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Arlene Moves Into Gulf

A strengthening Tropical Storm Arlene moved northward Friday through the Gulf of Mexico, drenching western Cuba before bearing down on the U.S. Gulf Coast — a region still recovering from last year's hurricanes.

While Arlene is the first named storm of the Atlantic hurricane season, the memories of last season are still fresh for Floridians, reports Carey Codd of CBS Station WFOR from Pompano Beach, Fla. Arlene's early rain bands arrived as a warning of the season ahead. High winds whipped waves along popular beaches with dark clouds threatening the storm to come. Residents from Florida to Louisiana are now being warned to stay alert.

Tropical storm watches were posted from Florida to Louisiana for Arlene. It had top sustained winds of 55 mph, up from 45 mph earlier in the day, but forecasters said the biggest impact would be heavy rain.

Arlene may not come close to that fearsome foursome that battered Florida last year, the state's hard-hit west coast remains a target, Codd reports. The biggest concern is for people who might be in vulnerable housing.

The downpour that landed on Havana and the rest of western Cuba as Arlene passed the island's westernmost tip early Friday was welcome relief from the island's severe drought.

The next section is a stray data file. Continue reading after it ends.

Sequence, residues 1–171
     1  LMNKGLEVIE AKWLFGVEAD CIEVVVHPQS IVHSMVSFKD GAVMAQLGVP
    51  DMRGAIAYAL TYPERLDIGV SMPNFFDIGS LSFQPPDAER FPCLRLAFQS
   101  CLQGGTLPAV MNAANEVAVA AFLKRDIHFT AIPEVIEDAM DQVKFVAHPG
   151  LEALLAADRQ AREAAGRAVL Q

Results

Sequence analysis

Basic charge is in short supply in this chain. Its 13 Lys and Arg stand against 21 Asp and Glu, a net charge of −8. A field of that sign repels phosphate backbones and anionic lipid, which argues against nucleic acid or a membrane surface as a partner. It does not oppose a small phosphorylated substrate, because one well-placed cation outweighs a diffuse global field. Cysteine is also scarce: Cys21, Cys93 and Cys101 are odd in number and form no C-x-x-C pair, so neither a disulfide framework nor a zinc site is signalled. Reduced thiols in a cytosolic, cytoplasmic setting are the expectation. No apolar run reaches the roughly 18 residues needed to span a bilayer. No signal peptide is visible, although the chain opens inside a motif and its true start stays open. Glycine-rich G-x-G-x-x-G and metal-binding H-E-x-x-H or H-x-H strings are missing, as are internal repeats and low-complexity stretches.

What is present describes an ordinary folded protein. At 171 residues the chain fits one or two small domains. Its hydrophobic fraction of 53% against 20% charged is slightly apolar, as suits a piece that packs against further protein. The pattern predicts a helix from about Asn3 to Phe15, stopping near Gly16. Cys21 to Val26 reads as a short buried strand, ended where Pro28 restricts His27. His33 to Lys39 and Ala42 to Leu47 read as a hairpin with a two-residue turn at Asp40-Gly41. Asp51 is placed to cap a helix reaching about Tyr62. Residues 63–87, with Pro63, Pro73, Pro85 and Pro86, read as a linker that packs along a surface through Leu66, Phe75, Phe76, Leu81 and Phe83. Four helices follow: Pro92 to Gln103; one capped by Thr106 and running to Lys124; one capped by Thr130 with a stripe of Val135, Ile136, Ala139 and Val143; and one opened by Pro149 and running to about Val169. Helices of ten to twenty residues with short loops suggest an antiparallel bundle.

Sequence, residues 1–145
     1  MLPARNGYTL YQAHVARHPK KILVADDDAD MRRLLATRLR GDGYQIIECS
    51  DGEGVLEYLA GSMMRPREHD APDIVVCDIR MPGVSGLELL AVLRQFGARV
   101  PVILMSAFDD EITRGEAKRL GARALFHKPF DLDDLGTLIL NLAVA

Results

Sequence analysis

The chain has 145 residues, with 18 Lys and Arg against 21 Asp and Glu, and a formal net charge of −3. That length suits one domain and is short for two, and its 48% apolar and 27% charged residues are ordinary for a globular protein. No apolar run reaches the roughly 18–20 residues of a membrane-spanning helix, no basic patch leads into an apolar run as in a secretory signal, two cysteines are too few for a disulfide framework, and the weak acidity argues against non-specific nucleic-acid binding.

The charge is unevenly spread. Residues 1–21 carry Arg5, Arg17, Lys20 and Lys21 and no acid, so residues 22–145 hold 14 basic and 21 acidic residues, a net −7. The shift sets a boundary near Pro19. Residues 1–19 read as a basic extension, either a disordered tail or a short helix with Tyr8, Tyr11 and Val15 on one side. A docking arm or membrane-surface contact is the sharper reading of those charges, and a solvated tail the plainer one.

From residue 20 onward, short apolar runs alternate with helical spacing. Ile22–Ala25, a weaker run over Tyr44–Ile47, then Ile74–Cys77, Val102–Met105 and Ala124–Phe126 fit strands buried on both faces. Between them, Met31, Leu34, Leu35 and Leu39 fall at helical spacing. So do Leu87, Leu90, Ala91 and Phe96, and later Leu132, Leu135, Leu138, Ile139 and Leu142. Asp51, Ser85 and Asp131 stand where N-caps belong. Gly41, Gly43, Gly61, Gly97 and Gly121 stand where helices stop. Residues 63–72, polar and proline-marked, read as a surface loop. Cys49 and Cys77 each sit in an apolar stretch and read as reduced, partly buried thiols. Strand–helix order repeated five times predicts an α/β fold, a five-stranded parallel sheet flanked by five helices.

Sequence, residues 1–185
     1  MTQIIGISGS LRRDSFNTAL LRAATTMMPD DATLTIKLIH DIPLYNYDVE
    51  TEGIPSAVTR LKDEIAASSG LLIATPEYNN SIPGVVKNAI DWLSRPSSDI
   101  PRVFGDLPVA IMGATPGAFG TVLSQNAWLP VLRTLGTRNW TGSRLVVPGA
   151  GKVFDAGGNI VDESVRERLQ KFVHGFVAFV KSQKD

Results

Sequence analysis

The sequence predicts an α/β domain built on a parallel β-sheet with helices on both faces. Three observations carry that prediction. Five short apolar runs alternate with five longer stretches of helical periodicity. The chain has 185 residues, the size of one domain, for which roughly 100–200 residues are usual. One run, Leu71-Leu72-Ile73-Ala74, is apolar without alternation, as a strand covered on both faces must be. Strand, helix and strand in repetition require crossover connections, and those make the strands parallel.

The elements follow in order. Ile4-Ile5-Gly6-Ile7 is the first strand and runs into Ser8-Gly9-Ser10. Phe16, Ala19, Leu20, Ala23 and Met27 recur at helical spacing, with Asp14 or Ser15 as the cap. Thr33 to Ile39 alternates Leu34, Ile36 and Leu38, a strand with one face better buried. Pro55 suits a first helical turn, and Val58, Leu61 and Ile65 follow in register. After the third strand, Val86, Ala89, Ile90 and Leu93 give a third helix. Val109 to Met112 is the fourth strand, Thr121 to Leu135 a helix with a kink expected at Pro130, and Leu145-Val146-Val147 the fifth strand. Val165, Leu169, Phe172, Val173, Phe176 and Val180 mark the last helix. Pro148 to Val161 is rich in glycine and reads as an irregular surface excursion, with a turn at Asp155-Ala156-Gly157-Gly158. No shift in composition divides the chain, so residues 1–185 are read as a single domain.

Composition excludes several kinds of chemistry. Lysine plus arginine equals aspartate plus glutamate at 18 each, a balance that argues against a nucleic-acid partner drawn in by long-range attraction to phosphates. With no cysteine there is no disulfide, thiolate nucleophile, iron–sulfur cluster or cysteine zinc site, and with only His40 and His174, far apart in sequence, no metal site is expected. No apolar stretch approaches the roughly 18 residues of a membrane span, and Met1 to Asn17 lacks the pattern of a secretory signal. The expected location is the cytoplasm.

Flooding was possible, meteorologists said, and some schools were closed, but there were no immediate reports of damage or injury.

Arlene was expected to make landfall in the United States around midnight Saturday, most likely somewhere between eastern Louisiana and the western Florida Panhandle, with the worst weather east of the storm's center.

Though the storm was not expected to strengthen into a hurricane, it could drop 5 inches of rain or more and cause tornados in southwestern Florida and the Florida Keys, meteorologists said. Beach erosion was also possible.


"This is going to be a major rainfall event before and ahead of the storm," said Trisha Wallace, a hurricane center meteorologist.

In Homestead, Fla., where hurricanes have been known to hit like a curse, people know how to prepare, Codd reports.

"We have our shutters, we have our supplies, so we'll be fine," said Elaine Padilla.

They are even stocking up on supplies in Alabama, Codd added.

At 8 a.m. EDT, Arlene's poorly defined center was about 50 miles north of Cuba's western tip. The storm was moving north-northwest at about 10 mph, the National Hurricane Center in Miami said.

Wind and rain extended 140 miles to the north and east from the storm's center.

Ahead of the storm, steady rainfall and squalls began to hit Florida on Thursday.

A tropical storm warning was also in effect for the Dry Tortugas, a cluster of islands about 70 miles west of Key West that are a U.S. national park.

The Panhandle was battered last year by Ivan, one of the four hurricanes to strike Florida in the space of a few weeks. State meteorologist Ben Nelson warned coastal residents that flooding patterns could be different now "because the dunes, the offshore structures, have been changed around by Ivan."

Hurricane season began June 1 and ends Nov. 30. In addition to Ivan, Florida was struck by Charley, Frances and Jeanne. The storms caused about 130 deaths in the United States and are blamed for $22 billion in insured damage.